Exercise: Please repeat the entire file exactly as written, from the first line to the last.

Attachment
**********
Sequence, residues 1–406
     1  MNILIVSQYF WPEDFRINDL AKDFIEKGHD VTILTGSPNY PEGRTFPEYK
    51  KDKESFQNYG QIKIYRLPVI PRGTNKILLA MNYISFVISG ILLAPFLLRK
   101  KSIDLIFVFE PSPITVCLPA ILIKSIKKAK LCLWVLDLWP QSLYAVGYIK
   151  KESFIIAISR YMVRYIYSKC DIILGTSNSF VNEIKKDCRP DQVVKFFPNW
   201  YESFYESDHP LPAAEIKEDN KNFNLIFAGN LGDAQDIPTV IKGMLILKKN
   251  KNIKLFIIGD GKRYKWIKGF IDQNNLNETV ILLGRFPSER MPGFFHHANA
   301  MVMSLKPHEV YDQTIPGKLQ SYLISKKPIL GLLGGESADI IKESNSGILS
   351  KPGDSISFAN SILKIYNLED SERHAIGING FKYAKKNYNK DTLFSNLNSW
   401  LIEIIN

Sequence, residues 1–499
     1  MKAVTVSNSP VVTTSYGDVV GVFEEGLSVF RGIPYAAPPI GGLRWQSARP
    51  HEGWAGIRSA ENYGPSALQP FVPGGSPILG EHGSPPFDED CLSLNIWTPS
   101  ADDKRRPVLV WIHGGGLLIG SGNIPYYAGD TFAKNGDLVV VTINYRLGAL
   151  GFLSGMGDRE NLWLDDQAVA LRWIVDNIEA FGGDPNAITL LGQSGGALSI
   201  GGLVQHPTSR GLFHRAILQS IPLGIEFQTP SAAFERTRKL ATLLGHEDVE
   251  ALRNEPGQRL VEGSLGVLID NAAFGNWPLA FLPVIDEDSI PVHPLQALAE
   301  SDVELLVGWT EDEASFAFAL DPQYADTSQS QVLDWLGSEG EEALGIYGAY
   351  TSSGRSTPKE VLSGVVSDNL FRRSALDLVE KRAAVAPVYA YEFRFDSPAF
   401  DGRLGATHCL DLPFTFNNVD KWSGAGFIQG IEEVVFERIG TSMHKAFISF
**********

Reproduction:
Sequence, residues 1–406
     1  MNILIVSQYF WPEDFRINDL AKDFIEKGHD VTILTGSPNY PEGRTFPEYK
    51  KDKESFQNYG QIKIYRLPVI PRGTNKILLA MNYISFVISG ILLAPFLLRK
   101  KSIDLIFVFE PSPITVCLPA ILIKSIKKAK LCLWVLDLWP QSLYAVGYIK
   151  KESFIIAISR YMVRYIYSKC DIILGTSNSF VNEIKKDCRP DQVVKFFPNW
   201  YESFYESDHP LPAAEIKEDN KNFNLIFAGN LGDAQDIPTV IKGMLILKKN
   251  KNIKLFIIGD GKRYKWIKGF IDQNNLNETV ILLGRFPSER MPGFFHHANA
   301  MVMSLKPHEV YDQTIPGKLQ SYLISKKPIL GLLGGESADI IKESNSGILS
   351  KPGDSISFAN SILKIYNLED SERHAIGING FKYAKKNYNK DTLFSNLNSW
   401  LIEIIN

Sequence, residues 1–499
     1  MKAVTVSNSP VVTTSYGDVV GVFEEGLSVF RGIPYAAPPI GGLRWQSARP
    51  HEGWAGIRSA ENYGPSALQP FVPGGSPILG EHGSPPFDED CLSLNIWTPS
   101  ADDKRRPVLV WIHGGGLLIG SGNIPYYAGD TFAKNGDLVV VTINYRLGAL
   151  GFLSGMGDRE NLWLDDQAVA LRWIVDNIEA FGGDPNAITL LGQSGGALSI
   201  GGLVQHPTSR GLFHRAILQS IPLGIEFQTP SAAFERTRKL ATLLGHEDVE
   251  ALRNEPGQRL VEGSLGVLID NAAFGNWPLA FLPVIDEDSI PVHPLQALAE
   301  SDVELLVGWT EDEASFAFAL DPQYADTSQS QVLDWLGSEG EEALGIYGAY
   351  TSSGRSTPKE VLSGVVSDNL FRRSALDLVE KRAAVAPVYA YEFRFDSPAF
   401  DGRLGATHCL DLPFTFNNVD KWSGAGFIQG IEEVVFERIG TSMHKAFISF